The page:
The North American Arctic is among the world’s premiere regions for new mining investment thanks in large part to its mineral deposits, according to a new survey.
The Fraser Institute, a Canadian public policy think tank, released its annual Survey of Mining Companies this month — marking the 21st year the Vancouver-based institute has published the report.
The survey is circulated amongst hundreds of mining industry executives and primarily aims to measure the “mining investment attractiveness” of 83 countries, regions, and jurisdictions around the world based on questions regarding (1) the mineral potential of the region and (2) how friendly local government policies are towards the mining sector. The study compiles these two metrics to create an overall attractiveness score.
Finland falls to No. 17
This year the survey assessed 83 jurisdictions, which include whole countries as well sub-national regions and provinces. Of these, the survey assessed 9 Arctic jurisdictions.
In terms of overall investment attractiveness, the four jurisdictions in the North American ranked in the top-15 for overall investment attractiveness: Alaska (5th), Yukon (9th), Northwest Territories (10th), and Nunavut (15th).
Last year, only Alaska and Yukon even made the top 20.
Outside of the North American Arctic, Russia, Finland, and Sweden were also ranked in the top 30 overall.
Notably, however, Finland fell sharply from the No. 1 overall ranking in 2017 to No. 17 this year.
Meanwhile, Greenland and Norway ranked in the bottom half of the 83 global jurisdictions evaluated, with Greenland falling from 34th last year to 63rd in 2018 and Norway similarly dropping from 41st overall to 53rd.
Among U.S. states Alaska scored second-highest overall — just behind the state of Nevada (1st), which was also ranked as the overall most attractive mining jurisdiction in the world in 2018. Meanwhile, Venezuela was ranked last due to extremely poor policy perceptions, followed by Neuquén, Argentina (82nd), Nicaragua (81st), and Guatemala (80th).
Deposits better than policies in the North American Arctic
Looking beyond overall rankings, there is a clear division between Arctic regions: the North American Arctic and Russia score higher in terms of pure mineral potential, while the European Arctic (Norway, Sweden, and Finland) score higher in terms of government policy perceptions. Greenland ranked poorly in both categories in 2018.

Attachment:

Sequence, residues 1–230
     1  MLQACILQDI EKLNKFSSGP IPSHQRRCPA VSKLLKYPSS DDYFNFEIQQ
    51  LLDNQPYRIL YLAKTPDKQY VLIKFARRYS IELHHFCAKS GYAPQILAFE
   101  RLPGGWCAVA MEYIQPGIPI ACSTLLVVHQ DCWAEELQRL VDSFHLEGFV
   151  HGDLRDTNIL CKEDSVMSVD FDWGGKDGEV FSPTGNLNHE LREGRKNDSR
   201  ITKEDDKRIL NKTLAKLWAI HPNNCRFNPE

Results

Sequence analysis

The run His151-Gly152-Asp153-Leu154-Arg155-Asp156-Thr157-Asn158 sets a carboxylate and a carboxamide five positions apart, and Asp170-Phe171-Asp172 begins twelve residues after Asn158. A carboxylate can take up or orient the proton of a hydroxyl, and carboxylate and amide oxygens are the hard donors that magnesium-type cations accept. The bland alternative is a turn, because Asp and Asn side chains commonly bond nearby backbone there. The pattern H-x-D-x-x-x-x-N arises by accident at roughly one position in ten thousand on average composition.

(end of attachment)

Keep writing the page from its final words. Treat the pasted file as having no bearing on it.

Survey respondents were extremely bullish on the pure mineral potential of the North American Arctic this year, with all four regions landing in the top 10 worldwide: Alaska (3rd), NWT (4th), Nunavut (5th), and Yukon (10th). However, none of these jurisdictions ranked in the top 20 for government policy. Of the Arctic regions, Norway (69th) scored most poorly for mineral potential followed by Greenland (54th).
Meanwhile, in terms of government policy the European Arctic exceled, with Finland (3rd) and Sweden (4th) in particular scoring well. Notably, however, neither made the top 30 in terms of mineral potential. The regions assessed to have the poorest government policies for mining investors were Greenland (69th), Russia (52nd), and Nunavut (45th).
A lack of balance in the Arctic?
The study’s authors are keen to remind readers that there is more to the rankings than just a region’s potential mineral deposits. Instead, the key for investors is balance.
“The evidence is clear — mineral deposits alone are not enough to attract precious commodity investment dollars,” said Ashley Stedman, a senior policy analyst at the Fraser Institute and co-author of the study.
“A sound regulatory regime coupled with competitive fiscal policies is key to making a jurisdiction attractive in the eyes of mining investors.”
The North American Arctic scored well overall in this year’s rankings due to strong mineral potential. However, it is telling that no single Arctic jurisdictions scored in the top 20 in both mineral potential and government policy, with Alaska (3rd and 26th, respectively) and Yukon (10th and 24th) coming closest.
Arctic jurisdictions may not be able to change their geology, but the report suggests that governments in the North American Arctic could offer investors a better balance by borrowing policies from the European Arctic.